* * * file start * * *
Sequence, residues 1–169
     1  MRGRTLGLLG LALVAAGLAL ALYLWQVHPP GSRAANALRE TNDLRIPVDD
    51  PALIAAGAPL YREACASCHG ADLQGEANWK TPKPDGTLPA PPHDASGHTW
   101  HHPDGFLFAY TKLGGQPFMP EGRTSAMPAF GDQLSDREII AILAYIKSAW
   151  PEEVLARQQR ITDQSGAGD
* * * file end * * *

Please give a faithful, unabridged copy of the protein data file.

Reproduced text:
Sequence, residues 1–169
     1  MRGRTLGLLG LALVAAGLAL ALYLWQVHPP GSRAANALRE TNDLRIPVDD
    51  PALIAAGAPL YREACASCHG ADLQGEANWK TPKPDGTLPA PPHDASGHTW
   101  HHPDGFLFAY TKLGGQPFMP EGRTSAMPAF GDQLSDREII AILAYIKSAW
   151  PEEVLARQQR ITDQSGAGD